Posts Tagged ‘Stephen King’
September 17, 2014 | by Dan Piepenbring
- “Madame Bovary, c’est moi” is all well and good as a witty rejoinder—but in all honesty, which of the women in Flaubert’s life was the real Madame Bovary?
- At a Jane Austen festival in Bath, 550 people claimed the world record for “the largest gathering of people dressed in Regency costume.”
- On “reading insecurity,” the newest existential disease: “the subjective experience of thinking that you’re not getting as much from reading as you used to. It is setting aside an hour for that new book … and spending it instead on Facebook.”
- Among Stephen King’s “most hated expressions”: many people, some people say, and YOLO. (I agree with the first two, but I’ll go to the mat for YOLO any day of the week.)
- What’s it like to translate a compendium of Alain Robbe-Grillet’s sadistic fantasies? Haunting, but, you know, in a good way: “As translator, I am a filter for material: it travels through me. As such, there’s a residue, but it is difficult to qualify. At best, you might compare the book’s effect on me to its effect on any reader: certain images—many, in fact—remain in you, and surge forth unbidden, superimposing themselves in your mind’s eye on perfectly anodyne and serene scenes of everyday life.”
July 16, 2014 | by Sadie Stein
The thing under my bed waiting to grab my ankle isn’t real. I know that, and I also know that if I’m careful to keep my foot under the covers, it will never be able to grab my ankle. ―Stephen King
The rain is pouring up here in Maine: King country. The weather is regenerative and generous, but awfully forbidding, too. Someone hearty told me that this weather is, in fact, the best time to take walks up here—certain vivid mosses have been known to appear. But this is the sort of individual who enjoys icy five A.M. swims, and I did not want to admit that my study of bryology never really extended beyond carpeting bowers for the occasional fairy, and that said experiments generally resulted in pulling up large hunks of moss, moving them, and then being surprised when they died. In short, I am still indoors. And for good measure, we watched The Shining. I remembered it having been much scarier.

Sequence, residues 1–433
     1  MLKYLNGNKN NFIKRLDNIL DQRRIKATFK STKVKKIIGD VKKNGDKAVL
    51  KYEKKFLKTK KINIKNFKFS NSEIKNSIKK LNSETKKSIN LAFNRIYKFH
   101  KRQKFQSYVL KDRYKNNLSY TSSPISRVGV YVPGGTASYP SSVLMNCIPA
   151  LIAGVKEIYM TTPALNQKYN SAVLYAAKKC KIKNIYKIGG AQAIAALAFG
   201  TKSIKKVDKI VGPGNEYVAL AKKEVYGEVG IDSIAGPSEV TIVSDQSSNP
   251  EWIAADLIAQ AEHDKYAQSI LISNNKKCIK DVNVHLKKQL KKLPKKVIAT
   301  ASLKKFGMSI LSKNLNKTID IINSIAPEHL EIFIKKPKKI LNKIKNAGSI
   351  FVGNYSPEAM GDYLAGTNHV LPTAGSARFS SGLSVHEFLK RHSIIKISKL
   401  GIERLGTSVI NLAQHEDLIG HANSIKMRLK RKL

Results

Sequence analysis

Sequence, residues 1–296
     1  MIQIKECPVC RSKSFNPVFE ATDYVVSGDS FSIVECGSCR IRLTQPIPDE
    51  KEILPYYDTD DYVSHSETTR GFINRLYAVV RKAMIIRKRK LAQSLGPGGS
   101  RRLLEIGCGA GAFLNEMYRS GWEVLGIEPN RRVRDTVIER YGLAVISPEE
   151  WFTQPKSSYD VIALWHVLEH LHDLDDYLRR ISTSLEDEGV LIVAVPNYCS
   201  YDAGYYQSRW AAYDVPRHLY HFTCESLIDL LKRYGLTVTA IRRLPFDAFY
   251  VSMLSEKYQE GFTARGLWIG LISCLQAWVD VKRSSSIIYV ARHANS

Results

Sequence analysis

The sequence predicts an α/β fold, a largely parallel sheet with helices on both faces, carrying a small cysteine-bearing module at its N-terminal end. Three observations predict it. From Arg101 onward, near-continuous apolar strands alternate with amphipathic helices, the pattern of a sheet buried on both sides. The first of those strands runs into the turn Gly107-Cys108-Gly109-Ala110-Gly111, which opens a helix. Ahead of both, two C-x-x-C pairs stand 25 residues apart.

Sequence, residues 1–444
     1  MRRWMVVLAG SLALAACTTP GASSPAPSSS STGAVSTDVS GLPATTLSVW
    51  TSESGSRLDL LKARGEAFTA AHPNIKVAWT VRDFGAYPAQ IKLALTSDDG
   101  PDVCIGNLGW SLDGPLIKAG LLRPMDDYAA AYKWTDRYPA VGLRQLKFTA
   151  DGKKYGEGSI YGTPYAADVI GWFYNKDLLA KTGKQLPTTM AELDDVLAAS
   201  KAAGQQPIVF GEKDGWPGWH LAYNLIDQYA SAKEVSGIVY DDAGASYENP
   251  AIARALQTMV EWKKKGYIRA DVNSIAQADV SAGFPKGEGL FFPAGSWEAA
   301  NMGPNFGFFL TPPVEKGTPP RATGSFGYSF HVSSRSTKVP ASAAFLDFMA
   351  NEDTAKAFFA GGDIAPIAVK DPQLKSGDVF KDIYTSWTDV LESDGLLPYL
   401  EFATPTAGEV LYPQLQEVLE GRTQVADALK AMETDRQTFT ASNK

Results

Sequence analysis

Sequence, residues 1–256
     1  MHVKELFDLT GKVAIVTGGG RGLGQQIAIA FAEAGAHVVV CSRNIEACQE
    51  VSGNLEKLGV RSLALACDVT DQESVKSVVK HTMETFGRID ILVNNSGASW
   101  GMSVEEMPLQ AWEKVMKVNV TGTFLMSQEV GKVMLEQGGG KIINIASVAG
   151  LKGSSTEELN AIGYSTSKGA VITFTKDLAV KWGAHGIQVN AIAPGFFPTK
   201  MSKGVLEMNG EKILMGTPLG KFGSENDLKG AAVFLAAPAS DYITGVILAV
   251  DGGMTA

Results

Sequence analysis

Cabin fever is an idiomatic term, first recorded in 1918, for a claustrophobic reaction that takes place when a person or group is isolated and/or shut in a small space, with nothing to do for an extended period. Cabin fever describes the extreme irritability and restlessness a person may feel in these situations.
A person may experience cabin fever in a situation such as being in a simple country vacation cottage. When experiencing cabin fever, a person may tend to sleep, have distrust of anyone they are with, and an urge to go outside even in the rain, snow, dark or hail. The phrase is also used humorously to indicate simple boredom from being home alone.
December 10, 2013 | by Sadie Stein
October 3, 2013 | by Sadie Stein
August 14, 2013 | by Michele Filgate
My name is Michele Filgate, and I am a book burner.
The first thing you need to understand: I love books. I’m the kind of girl who volunteered at the local independent bookstore when I was in middle school, just so I could get the staff discount. I come by this honestly; my grandmother was fired from her first job because she was caught reading behind the clothing racks. While some girls spent hours playing house and naming their dolls, I whiled away entire play dates alphabetizing my personal library with my best friend. Nowadays, I’m a fan of marginalia—but I cringe at the idea of even dog-earing a page.
In 2007, I was young and naive and penniless. My first job out of college was one of those typical sixty-to-seventy-hour-a-week gigs that so many new-to-New York dreamers end up in. Specifically, I was a production secretary, and later a broadcast associate, at the CBS Evening News with Katie Couric.
July 30, 2013 | by Sadie Stein